Departmental Papers (Dental)

Document Type

Journal Article

Date of this Version

4-17-2009

Publication Source

Journal of Biological Chemistry

Volume

284

Issue

16

Start Page

10650

Last Page

10658

DOI

10.1074/jbc.M809094200

Abstract

Induction of cell cycle arrest in lymphocytes after exposure to the Aggregatibacter actinomycetemcomitans cytolethal distending toxin (Cdt) is dependent upon the integrity of lipid membrane microdomains. In this study we further demonstrate that the association of Cdt with lymphocyte plasma membranes is dependent upon binding to cholesterol. Depletion of cholesterol resulted in reduced toxin binding, whereas repletion of cholesterol-depleted cells restored binding. We employed fluorescence resonance energy transfer and surface plasmon resonance to demonstrate that toxin association with model membranes is dependent upon the concentration of cholesterol; moreover, these interactions were cholesterol-specific as the toxin failed to interact with model membranes containing stigmasterol, ergosterol, or lanosterol. Further analysis of the toxin indicated that the CdtC subunit contains a cholesterol recognition/interaction amino acid consensus (CRAC) region. Mutation of the CRAC site resulted in decreased binding of the holotoxin to cholesterol-containing model membranes as well as to the surface of Jurkat cells. The mutant toxin also exhibited reduced capacity for intracellular transfer of the active toxin subunit, CdtB, as well as reduced toxicity. Collectively, these observations indicate that membrane cholesterol serves as an essential ligand for Cdt and that this association can be blocked by either depleting membranes of cholesterol or mutation of the CRAC site.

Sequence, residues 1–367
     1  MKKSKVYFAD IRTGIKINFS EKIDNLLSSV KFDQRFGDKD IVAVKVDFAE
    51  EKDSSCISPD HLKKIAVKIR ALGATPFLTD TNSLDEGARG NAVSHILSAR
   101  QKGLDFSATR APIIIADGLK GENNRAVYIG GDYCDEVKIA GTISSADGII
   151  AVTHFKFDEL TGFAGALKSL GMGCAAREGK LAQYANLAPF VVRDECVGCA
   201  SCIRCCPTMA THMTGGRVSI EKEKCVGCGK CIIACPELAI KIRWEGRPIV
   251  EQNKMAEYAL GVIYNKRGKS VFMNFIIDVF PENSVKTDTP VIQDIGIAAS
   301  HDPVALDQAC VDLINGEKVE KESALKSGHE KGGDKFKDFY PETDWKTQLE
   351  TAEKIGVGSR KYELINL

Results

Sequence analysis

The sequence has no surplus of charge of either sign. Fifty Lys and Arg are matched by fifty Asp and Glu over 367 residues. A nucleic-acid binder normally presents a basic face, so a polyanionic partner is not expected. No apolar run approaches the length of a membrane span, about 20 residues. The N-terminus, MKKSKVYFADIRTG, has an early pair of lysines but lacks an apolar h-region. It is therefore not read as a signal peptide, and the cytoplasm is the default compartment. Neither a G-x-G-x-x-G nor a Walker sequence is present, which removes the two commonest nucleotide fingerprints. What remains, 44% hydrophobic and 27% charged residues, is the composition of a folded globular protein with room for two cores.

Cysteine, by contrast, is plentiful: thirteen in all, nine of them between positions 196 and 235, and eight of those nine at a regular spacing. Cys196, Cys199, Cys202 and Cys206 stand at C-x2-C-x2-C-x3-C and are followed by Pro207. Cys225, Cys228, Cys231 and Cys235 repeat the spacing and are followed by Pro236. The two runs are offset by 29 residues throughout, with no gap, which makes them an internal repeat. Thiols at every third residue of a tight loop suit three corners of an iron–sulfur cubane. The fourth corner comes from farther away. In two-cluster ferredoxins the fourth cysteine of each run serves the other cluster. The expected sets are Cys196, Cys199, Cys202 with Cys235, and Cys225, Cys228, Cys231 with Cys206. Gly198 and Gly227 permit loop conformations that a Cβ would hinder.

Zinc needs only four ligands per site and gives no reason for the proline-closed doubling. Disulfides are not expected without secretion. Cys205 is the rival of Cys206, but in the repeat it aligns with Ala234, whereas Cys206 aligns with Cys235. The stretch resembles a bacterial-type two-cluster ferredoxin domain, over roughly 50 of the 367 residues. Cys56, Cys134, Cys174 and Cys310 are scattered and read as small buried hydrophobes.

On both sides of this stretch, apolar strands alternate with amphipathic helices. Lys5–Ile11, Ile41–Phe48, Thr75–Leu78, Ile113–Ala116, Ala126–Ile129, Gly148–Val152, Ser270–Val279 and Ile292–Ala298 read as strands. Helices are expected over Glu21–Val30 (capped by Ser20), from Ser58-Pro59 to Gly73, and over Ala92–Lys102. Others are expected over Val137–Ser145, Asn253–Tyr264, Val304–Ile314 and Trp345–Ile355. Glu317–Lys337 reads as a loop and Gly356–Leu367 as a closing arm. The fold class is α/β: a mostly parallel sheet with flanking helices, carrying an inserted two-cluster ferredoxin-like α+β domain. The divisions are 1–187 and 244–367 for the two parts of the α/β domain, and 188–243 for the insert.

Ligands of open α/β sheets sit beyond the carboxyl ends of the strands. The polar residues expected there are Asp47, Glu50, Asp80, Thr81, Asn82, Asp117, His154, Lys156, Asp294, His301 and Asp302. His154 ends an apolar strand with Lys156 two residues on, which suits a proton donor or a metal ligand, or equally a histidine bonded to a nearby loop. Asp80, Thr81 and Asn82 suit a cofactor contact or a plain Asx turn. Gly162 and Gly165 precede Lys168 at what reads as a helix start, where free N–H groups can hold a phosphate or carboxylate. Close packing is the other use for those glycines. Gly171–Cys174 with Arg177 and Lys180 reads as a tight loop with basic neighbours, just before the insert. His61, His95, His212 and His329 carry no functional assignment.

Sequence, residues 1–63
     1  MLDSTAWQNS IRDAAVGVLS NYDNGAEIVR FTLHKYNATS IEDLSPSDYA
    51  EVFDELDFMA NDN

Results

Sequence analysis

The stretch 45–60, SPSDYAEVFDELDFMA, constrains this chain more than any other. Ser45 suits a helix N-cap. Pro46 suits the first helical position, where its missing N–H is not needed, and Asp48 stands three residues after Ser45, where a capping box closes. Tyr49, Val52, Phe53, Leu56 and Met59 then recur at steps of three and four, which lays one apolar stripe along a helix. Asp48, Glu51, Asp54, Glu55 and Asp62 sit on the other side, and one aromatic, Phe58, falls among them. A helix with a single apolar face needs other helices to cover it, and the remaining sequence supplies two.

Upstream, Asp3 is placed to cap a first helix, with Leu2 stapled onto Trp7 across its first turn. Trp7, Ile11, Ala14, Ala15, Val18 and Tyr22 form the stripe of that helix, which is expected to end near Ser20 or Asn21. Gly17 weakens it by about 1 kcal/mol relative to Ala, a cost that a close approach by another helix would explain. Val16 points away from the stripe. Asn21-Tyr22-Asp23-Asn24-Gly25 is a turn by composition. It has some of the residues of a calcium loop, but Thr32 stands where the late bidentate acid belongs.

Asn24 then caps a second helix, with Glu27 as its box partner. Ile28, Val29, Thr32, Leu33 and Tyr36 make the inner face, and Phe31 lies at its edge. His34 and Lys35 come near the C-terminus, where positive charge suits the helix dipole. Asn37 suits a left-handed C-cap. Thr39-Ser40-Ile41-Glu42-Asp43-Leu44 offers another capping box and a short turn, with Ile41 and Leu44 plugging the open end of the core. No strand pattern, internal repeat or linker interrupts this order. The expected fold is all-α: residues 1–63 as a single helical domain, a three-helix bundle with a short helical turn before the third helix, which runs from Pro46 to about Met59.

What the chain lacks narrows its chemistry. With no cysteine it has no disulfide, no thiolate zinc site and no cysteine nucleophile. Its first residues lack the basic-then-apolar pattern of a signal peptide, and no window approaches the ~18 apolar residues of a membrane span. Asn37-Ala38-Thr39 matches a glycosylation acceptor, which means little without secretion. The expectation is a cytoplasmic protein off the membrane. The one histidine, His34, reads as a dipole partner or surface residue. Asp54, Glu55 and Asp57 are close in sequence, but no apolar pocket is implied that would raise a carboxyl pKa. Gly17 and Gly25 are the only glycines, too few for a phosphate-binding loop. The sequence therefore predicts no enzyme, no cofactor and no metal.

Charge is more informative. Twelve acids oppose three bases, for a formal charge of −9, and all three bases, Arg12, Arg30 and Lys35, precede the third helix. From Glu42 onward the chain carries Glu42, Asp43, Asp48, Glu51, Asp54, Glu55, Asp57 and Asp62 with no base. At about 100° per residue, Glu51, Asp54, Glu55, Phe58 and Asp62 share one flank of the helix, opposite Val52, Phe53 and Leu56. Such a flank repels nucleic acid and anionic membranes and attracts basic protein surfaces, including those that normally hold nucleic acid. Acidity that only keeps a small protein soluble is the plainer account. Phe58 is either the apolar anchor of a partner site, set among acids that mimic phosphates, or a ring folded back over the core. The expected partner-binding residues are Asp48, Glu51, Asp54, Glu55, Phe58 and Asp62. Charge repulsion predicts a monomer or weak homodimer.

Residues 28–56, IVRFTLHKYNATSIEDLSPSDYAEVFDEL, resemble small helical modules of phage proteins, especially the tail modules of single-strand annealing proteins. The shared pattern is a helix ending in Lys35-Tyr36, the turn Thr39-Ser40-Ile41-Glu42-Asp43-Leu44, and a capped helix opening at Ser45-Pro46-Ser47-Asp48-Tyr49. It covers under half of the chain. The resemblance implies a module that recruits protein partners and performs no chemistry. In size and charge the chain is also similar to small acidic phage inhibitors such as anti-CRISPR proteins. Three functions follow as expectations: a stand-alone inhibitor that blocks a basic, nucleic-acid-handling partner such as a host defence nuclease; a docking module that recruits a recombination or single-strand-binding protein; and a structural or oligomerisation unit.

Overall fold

Copyright/Permission Statement

This research was originally published in the Journal of Biological Chemistry. Boesze-Battaglia, K., Brown, A., Walker, L., Besack, D., Zekavat, A., Wrenn, S., … Shenker, B. J. (2009). Cytolethal Distending Toxin-induced Cell Cycle Arrest of Lymphocytes Is Dependent upon Recognition and Binding to Cholesterol. The Journal of Biological Chemistry, 284(16), 10650–10658. http://doi.org/10.1074/jbc.M809094200.

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Date Posted: 01 March 2022

This document has been peer reviewed.